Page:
Katrina J. Edwards, professor of biological sciences and Earth sciences at USC College, has been recommended for an award of a $25 million National Science Foundation grant to establish the Center for Dark Energy Biosphere Investigations, a new science and technology center.
Edwards and her USC team will partner with several major research universities and national laboratories to study the "deep biosphere" beneath the oceans.
A little-known fact is that nearly half of the total biomass on earth resides in sub-surface habitats that include mines, aquifers, soils on the continents and sediments and rocks below the ocean floor. This massive area is what Edwards and her research partners plan to explore in three main field projects at North Pond, Juan de Fuca and South Pacific Gyre, where they will conduct an international, coordinated mission on the sub-seafloor biosphere.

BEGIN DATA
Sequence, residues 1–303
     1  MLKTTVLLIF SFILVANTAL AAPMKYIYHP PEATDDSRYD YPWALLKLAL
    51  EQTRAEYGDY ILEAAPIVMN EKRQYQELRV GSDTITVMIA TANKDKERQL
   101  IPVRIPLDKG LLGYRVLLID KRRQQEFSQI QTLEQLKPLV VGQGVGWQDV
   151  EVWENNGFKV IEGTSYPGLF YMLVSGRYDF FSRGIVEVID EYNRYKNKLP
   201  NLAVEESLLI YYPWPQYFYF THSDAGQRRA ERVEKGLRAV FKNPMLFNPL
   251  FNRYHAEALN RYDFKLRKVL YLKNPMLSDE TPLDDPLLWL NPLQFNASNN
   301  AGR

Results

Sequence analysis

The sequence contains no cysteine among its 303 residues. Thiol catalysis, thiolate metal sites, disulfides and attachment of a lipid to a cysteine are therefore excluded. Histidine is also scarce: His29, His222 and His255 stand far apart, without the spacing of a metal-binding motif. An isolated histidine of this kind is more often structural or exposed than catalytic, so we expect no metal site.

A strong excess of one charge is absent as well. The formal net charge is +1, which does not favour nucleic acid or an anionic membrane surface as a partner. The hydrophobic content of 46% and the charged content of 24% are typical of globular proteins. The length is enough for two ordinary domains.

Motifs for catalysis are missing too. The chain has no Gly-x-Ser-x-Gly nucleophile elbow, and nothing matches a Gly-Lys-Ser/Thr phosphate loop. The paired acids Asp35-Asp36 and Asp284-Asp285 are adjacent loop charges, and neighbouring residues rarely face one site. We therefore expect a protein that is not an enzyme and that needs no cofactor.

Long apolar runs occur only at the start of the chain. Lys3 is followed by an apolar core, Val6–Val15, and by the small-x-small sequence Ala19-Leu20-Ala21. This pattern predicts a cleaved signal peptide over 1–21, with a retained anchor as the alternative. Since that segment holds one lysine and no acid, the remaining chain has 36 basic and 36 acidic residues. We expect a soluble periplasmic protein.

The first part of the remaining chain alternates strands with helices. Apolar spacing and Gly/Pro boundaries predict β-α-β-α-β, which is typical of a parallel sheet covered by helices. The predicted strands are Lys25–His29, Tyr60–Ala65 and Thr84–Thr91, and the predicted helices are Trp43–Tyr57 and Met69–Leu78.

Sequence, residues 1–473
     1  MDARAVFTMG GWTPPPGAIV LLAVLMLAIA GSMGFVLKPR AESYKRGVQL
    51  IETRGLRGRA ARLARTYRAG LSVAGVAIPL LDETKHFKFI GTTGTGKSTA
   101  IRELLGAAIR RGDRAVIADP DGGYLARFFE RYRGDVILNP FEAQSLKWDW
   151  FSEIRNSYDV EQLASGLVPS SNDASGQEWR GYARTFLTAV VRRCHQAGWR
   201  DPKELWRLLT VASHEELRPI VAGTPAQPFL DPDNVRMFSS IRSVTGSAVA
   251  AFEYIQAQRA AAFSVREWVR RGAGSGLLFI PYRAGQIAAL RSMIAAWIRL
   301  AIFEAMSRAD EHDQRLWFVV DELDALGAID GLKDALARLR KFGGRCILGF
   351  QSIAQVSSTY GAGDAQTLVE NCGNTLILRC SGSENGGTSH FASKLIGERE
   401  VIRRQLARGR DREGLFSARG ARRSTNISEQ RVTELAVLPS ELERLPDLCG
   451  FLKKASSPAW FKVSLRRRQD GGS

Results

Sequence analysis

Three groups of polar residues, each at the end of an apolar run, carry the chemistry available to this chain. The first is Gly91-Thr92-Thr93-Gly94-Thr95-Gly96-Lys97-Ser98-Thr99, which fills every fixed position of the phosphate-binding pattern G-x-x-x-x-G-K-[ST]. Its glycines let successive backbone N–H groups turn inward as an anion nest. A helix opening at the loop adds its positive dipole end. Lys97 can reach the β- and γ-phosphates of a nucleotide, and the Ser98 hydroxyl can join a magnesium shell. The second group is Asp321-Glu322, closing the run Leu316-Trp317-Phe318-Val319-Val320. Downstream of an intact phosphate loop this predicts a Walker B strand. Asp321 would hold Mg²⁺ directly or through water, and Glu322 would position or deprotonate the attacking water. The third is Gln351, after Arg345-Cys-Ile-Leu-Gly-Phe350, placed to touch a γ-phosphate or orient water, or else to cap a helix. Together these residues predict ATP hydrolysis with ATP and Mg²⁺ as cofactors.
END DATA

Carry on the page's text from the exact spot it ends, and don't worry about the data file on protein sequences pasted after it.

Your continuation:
"Our mission statement is to understand the extent, function, dynamics and implication of the existence of a deep biosphere on Earth," Edwards said. "We focus on the marine realm because it is by far the biggest challenge in terms of potential habitat size."
USC Executive Vice President and Provost C. L. Max Nikias said: "USC has a strong track record of success in winning these types of center excellence awards across the university. We have built a reputation for quality research that leverages our strengths in multidisciplinary collaboration between our schools, other institutions and industry. This highly competitive award demonstrates that Katrina Edwards, other USC College faculty and USC researchers are at the forefront of science in the exploration of the biosphere."
The center will facilitate the achievement of the principal scientific, education and diversity goals of deep sub-seafloor biosphere researchers; advance the suite of scientific tools; train and educate a new and diverse generation of undergraduate, graduate students and postdoct
|Contact: Susan Andrews|
University of Southern California